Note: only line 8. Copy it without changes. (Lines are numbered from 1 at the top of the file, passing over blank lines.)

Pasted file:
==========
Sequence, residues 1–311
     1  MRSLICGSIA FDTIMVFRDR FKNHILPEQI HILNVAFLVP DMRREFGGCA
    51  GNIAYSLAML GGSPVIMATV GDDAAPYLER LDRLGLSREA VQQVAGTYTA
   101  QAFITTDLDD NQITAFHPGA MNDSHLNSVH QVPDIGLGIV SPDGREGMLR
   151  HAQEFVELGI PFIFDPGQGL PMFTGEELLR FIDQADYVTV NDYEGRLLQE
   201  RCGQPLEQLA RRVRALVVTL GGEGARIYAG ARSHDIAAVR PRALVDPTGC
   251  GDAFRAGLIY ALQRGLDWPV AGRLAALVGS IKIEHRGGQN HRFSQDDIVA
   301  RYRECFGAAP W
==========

   301  RYRECFGAAP W